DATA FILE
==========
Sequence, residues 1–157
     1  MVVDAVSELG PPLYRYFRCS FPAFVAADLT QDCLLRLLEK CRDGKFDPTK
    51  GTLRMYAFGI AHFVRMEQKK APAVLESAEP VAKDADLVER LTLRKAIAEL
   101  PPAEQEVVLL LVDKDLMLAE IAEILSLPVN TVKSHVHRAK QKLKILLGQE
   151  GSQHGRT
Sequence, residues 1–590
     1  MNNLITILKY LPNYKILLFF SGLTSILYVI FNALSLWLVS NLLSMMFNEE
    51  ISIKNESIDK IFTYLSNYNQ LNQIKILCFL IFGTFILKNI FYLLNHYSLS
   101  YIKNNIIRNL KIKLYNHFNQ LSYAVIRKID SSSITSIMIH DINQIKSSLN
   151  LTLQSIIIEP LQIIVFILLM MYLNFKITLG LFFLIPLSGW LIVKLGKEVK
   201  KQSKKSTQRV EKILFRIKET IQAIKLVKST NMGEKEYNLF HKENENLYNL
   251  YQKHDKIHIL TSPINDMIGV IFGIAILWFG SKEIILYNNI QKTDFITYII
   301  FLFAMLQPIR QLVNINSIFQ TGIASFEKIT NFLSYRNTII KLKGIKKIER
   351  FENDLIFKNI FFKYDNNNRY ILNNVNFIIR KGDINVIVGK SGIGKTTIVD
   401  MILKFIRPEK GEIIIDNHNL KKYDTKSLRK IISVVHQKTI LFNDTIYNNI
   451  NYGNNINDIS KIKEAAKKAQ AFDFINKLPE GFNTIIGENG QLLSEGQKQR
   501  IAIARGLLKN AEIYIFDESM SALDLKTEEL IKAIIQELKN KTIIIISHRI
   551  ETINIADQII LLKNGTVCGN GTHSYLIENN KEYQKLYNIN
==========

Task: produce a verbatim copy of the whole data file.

Sequence, residues 1–157
     1  MVVDAVSELG PPLYRYFRCS FPAFVAADLT QDCLLRLLEK CRDGKFDPTK
    51  GTLRMYAFGI AHFVRMEQKK APAVLESAEP VAKDADLVER LTLRKAIAEL
   101  PPAEQEVVLL LVDKDLMLAE IAEILSLPVN TVKSHVHRAK QKLKILLGQE
   151  GSQHGRT
Sequence, residues 1–590
     1  MNNLITILKY LPNYKILLFF SGLTSILYVI FNALSLWLVS NLLSMMFNEE
    51  ISIKNESIDK IFTYLSNYNQ LNQIKILCFL IFGTFILKNI FYLLNHYSLS
   101  YIKNNIIRNL KIKLYNHFNQ LSYAVIRKID SSSITSIMIH DINQIKSSLN
   151  LTLQSIIIEP LQIIVFILLM MYLNFKITLG LFFLIPLSGW LIVKLGKEVK
   201  KQSKKSTQRV EKILFRIKET IQAIKLVKST NMGEKEYNLF HKENENLYNL
   251  YQKHDKIHIL TSPINDMIGV IFGIAILWFG SKEIILYNNI QKTDFITYII
   301  FLFAMLQPIR QLVNINSIFQ TGIASFEKIT NFLSYRNTII KLKGIKKIER
   351  FENDLIFKNI FFKYDNNNRY ILNNVNFIIR KGDINVIVGK SGIGKTTIVD
   401  MILKFIRPEK GEIIIDNHNL KKYDTKSLRK IISVVHQKTI LFNDTIYNNI
   451  NYGNNINDIS KIKEAAKKAQ AFDFINKLPE GFNTIIGENG QLLSEGQKQR
   501  IAIARGLLKN AEIYIFDESM SALDLKTEEL IKAIIQELKN KTIIIISHRI
   551  ETINIADQII LLKNGTVCGN GTHSYLIENN KEYQKLYNIN